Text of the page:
After watching all 90 minutes of "An American Ism: Joe McCarthy," the anecdotal biography on Channel 26 at 9 tonight, one may feel like the dissatisfied newsreel editor at the beginning of "Citizen Kane." Yes, yes, it's all very nice-but something is missing.
Producer-director Glenn Silber, who made the documentary for the Wisconsin Educational Television Network, interviewed those who knew McCarthy as a young chicken farmer and rising politician in his native state as well as some of those he victimized during the incendiary Communist witch-hunts of his Washington career. They do shed a peep or two of new light on the man who rose to become the most infamous domestic menace of the American '50s; in essence, this is a monster movie starring the survivors.
The beast, however, did not arrive from another planet or crawl out of a nuclear test site. He emerged from a political context, and the film doesn't supply any more of that than previous works on McCarthy have; it may in fact provide less. Of course, the only way to "explain" McCarthy and how he grew may be to go back and interview the entire nation as it was during the first frosty mornings of the old Cold War.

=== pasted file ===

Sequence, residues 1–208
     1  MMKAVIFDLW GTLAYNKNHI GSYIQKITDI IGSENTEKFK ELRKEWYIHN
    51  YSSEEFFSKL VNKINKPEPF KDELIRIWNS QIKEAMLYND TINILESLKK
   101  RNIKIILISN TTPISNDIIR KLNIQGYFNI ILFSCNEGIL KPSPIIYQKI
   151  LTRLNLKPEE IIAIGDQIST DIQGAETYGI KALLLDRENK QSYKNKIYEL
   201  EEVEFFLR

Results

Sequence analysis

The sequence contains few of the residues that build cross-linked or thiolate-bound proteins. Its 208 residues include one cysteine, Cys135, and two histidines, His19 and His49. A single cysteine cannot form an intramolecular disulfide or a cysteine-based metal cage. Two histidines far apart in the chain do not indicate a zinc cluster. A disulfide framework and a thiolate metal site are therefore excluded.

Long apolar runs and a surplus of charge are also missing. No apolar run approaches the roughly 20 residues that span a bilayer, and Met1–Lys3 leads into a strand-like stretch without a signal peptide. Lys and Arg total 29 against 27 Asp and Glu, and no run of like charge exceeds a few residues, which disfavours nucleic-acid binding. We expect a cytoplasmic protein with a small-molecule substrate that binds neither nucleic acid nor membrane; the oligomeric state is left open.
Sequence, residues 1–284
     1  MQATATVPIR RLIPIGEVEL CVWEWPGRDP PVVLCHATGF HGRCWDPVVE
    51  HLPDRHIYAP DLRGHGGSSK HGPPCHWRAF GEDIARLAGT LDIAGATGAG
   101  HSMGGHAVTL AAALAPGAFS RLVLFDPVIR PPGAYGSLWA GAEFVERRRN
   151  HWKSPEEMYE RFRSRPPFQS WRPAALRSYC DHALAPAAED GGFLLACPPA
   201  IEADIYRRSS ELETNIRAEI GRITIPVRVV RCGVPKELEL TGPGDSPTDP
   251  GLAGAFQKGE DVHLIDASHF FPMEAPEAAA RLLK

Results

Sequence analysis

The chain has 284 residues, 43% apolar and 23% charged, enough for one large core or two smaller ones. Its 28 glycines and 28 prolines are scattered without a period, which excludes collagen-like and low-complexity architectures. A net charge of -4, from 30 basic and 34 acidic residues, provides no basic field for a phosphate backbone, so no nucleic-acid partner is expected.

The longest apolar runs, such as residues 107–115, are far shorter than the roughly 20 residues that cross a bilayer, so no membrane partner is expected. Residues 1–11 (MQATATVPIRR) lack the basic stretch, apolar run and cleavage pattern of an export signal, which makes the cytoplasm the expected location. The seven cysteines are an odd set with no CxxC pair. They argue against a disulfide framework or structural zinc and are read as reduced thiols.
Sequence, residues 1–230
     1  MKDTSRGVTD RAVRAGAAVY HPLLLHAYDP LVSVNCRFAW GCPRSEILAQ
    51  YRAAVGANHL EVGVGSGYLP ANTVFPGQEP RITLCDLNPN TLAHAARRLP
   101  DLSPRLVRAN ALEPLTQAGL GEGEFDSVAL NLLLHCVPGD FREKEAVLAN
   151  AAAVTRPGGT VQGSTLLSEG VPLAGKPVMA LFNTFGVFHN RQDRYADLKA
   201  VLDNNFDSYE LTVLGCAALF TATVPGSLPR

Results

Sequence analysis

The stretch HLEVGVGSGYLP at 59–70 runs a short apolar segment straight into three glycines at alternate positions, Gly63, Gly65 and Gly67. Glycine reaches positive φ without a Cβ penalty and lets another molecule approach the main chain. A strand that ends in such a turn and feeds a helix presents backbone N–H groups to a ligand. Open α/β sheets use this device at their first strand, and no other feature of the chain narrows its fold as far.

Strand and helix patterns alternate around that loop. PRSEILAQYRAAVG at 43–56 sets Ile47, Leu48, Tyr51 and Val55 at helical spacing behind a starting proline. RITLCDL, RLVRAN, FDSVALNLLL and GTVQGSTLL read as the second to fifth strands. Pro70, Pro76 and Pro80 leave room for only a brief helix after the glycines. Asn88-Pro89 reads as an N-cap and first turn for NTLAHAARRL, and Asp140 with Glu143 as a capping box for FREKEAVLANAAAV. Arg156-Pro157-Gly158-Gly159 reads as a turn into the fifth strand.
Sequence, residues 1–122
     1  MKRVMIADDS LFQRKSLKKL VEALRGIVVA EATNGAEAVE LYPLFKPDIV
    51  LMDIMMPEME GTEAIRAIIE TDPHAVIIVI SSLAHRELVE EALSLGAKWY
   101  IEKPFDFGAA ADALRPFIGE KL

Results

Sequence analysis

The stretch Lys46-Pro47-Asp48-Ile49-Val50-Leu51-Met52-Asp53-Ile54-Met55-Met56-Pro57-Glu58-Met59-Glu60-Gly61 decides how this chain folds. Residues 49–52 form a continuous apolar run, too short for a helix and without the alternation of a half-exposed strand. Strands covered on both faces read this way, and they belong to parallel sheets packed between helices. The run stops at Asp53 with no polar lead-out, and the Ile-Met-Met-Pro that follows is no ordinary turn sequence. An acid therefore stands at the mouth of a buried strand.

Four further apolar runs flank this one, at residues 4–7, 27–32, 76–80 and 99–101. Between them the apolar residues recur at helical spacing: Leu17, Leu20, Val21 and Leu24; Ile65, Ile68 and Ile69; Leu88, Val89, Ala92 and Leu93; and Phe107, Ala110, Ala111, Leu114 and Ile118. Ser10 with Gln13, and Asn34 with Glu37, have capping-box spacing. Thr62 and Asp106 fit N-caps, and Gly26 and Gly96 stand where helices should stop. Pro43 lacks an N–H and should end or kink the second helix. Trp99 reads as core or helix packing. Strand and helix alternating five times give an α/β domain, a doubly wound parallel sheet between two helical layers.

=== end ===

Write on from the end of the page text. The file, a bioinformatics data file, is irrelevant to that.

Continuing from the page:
"An American Ism" doesn't say a great deal more about the adult McCarthy than did NCB's failed but dead-earnest "Tail Gunner Joe" or Emile de Antonio's spine-tingling documentary on the Army-McCarthy hearings, "Point of Order." De Antonio is credited as a consultant to Silber and the man whose "idea" inspired the project, a contribution that smacks of at least tickling if not beating a dead horse.
The most piquant observations are from those who knew McCarthy early. "He was a hick," an old neighbor recalls, "a target we liked to tease" as a child because he was "awkward-looking" and "always doing the wrong thing." This awkwardness, commentator Jack Anderson says, much, much later, was turned into an asset during McCarthy's table-thumping and finger-pointing Capitol Hill extravaganzas.
McCarthy brought to politics and the mass media "a different kind of demagoguery," says Anderson, bumbling fashion that made him appear to be sincere. He was a disarming demagogue."
Unfortunately, Silber deploys the resources of the documentary film-maker-old photos, headlines, newsreel footage, interviews-with an awkwardness that is not an asset. His philosophy seems to have been, "If you have an old picture, show it," and the program is an attic full of visual clutter from beginning to end. Nevertheless, as a collection of revealing or at least diverting footnotes, "An American Ism" comes across as valuable, authoritative and, considering the volatility that still surrounds its subject, commendably dispassionate.